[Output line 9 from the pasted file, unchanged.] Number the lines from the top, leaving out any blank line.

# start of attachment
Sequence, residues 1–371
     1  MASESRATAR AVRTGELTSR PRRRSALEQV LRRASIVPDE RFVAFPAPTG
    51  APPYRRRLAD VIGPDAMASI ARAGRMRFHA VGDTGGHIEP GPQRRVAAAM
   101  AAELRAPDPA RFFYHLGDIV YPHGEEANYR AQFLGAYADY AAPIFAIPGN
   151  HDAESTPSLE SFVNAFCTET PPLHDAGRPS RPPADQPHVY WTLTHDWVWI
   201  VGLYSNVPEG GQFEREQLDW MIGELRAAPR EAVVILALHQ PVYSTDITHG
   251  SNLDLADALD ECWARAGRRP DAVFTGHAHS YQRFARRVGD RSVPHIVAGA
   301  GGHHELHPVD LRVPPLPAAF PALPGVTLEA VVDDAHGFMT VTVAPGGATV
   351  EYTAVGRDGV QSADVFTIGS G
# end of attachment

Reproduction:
   351  EYTAVGRDGV QSADVFTIGS G